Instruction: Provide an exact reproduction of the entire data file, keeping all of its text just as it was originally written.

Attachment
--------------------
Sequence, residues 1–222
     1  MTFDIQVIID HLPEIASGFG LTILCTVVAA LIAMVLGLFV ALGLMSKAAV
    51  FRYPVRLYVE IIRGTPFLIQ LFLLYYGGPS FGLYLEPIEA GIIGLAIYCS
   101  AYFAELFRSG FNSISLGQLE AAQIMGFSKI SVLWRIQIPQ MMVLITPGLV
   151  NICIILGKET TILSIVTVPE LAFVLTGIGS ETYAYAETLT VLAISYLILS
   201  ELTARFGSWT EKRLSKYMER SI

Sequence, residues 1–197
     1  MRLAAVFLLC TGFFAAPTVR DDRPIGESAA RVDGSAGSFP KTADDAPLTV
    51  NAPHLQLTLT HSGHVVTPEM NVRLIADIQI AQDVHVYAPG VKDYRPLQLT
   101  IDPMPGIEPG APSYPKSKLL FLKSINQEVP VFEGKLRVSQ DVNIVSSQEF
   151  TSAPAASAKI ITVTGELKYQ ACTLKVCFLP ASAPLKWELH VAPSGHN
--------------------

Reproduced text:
Sequence, residues 1–222
     1  MTFDIQVIID HLPEIASGFG LTILCTVVAA LIAMVLGLFV ALGLMSKAAV
    51  FRYPVRLYVE IIRGTPFLIQ LFLLYYGGPS FGLYLEPIEA GIIGLAIYCS
   101  AYFAELFRSG FNSISLGQLE AAQIMGFSKI SVLWRIQIPQ MMVLITPGLV
   151  NICIILGKET TILSIVTVPE LAFVLTGIGS ETYAYAETLT VLAISYLILS
   201  ELTARFGSWT EKRLSKYMER SI

Sequence, residues 1–197
     1  MRLAAVFLLC TGFFAAPTVR DDRPIGESAA RVDGSAGSFP KTADDAPLTV
    51  NAPHLQLTLT HSGHVVTPEM NVRLIADIQI AQDVHVYAPG VKDYRPLQLT
   101  IDPMPGIEPG APSYPKSKLL FLKSINQEVP VFEGKLRVSQ DVNIVSSQEF
   151  TSAPAASAKI ITVTGELKYQ ACTLKVCFLP ASAPLKWELH VAPSGHN